Handheld computers are in widespread use among users who need to have their schedules, to-do lists, and notes with them everywhere they go. Often users want the same data to be available both on the desktop and on the portable device. This is where KPilot comes in — it is a tool to synchronize data on a handheld with that used by the KDE applications KAddressBook, KOrganizer, and KNotes.
The main purpose of KPilot is to allow the sharing of data between the applications of a handheld computer and their KDE counterparts. KPilot does come with its own built-in memo viewer, address viewer, and file installer, but these cannot be used outside the KPilot environment. Independent KDE applications are available for all these functions except the file installer.
For communication between the handheld and the different desktop programs, KPilot relies on conduits. KPilot itself is the program that oversees any data exchange between the two computer devices. Using a particular function of the handheld on your desktop computer requires that the corresponding conduit is enabled and configured. For the most part, these conduits are designed to interact with specific KDE programs, so in general they cannot be used with other desktop applications.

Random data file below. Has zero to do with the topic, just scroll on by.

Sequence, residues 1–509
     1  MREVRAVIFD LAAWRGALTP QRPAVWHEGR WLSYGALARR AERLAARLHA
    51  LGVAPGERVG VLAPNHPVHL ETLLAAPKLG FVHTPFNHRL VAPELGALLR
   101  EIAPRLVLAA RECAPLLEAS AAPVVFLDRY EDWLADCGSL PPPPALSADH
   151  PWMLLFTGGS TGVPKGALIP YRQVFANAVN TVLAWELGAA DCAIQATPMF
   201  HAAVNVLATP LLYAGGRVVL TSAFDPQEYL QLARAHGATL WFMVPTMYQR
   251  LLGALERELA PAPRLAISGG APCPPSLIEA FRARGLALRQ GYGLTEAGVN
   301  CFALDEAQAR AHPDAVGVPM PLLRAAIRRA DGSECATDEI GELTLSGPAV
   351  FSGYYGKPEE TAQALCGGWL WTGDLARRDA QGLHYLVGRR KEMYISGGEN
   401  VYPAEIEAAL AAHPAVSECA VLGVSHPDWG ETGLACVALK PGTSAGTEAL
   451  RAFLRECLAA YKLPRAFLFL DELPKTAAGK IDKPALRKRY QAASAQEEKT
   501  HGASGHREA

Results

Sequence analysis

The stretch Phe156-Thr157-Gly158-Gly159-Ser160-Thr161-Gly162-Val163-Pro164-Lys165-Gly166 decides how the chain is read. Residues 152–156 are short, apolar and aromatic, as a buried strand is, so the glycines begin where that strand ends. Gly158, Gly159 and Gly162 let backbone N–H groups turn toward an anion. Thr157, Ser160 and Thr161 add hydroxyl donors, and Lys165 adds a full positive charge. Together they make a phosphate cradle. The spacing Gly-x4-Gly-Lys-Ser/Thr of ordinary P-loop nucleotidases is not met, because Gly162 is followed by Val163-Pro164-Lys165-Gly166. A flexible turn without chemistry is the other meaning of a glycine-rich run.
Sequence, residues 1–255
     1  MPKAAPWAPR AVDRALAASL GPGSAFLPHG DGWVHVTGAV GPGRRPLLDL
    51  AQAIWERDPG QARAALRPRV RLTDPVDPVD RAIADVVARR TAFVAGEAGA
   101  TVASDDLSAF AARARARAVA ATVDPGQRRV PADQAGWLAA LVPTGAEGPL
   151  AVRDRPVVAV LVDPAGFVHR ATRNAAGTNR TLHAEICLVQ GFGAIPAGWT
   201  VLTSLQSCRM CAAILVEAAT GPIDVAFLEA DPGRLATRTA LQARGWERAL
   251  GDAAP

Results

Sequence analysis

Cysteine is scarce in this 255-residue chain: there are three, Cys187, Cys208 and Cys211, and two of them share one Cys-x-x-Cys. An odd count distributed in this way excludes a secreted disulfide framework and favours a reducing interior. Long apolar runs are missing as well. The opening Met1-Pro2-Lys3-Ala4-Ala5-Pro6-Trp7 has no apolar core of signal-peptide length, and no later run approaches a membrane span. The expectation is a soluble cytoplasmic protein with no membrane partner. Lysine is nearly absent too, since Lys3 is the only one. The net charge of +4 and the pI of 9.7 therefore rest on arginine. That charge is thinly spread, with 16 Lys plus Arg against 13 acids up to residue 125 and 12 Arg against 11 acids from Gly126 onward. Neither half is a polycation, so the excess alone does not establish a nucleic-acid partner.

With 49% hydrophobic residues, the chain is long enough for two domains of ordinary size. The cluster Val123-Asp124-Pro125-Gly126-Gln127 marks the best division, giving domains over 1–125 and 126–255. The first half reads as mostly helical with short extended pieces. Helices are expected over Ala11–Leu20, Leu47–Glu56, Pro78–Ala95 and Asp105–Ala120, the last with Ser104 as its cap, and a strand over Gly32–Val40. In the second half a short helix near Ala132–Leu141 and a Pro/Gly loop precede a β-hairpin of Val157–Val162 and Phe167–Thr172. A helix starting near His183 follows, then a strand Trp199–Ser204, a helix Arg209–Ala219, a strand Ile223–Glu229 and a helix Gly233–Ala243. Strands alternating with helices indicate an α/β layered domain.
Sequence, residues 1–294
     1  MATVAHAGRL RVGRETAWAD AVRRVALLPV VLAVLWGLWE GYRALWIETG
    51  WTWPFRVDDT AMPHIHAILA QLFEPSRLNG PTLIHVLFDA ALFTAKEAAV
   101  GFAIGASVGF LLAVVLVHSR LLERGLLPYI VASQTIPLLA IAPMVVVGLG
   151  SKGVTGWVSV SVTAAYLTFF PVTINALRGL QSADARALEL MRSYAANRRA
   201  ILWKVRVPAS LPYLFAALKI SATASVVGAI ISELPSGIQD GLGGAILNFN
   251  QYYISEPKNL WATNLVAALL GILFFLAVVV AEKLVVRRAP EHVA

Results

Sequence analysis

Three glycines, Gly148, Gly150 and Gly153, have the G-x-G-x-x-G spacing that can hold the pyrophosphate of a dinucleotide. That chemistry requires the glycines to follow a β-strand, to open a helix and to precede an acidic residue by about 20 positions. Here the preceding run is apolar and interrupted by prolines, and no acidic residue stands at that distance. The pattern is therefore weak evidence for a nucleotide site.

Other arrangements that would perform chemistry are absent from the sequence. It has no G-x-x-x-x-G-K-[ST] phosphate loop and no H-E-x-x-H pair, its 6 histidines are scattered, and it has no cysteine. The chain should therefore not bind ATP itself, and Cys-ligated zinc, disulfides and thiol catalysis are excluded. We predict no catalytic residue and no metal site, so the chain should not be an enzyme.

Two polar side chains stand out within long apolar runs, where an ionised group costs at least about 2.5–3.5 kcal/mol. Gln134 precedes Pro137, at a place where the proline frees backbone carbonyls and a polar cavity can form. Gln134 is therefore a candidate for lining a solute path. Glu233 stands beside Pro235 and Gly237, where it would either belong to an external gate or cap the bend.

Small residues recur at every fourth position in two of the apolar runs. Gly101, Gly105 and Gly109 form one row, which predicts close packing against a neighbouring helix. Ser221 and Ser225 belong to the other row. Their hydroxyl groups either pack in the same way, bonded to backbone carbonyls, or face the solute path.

The time synchronization conduit is special in that there is no user-visible program for it. It is activated in the background with each sync operation, but should only be enabled on computers that use a network time server to correct their own time drift.
When a synchronization is started, the conduits are activated one after another to carry out the data transfer. There are two different sync methods: a HotSync operation only synchronizes the data for which any conduits have been enabled while a backup operation performs a full backup of all data stored on the handheld.
Some conduits open a file during a sync operation, which means the corresponding program should not be running at the given time. Specifically, KOrganizer should not be running during a sync operation.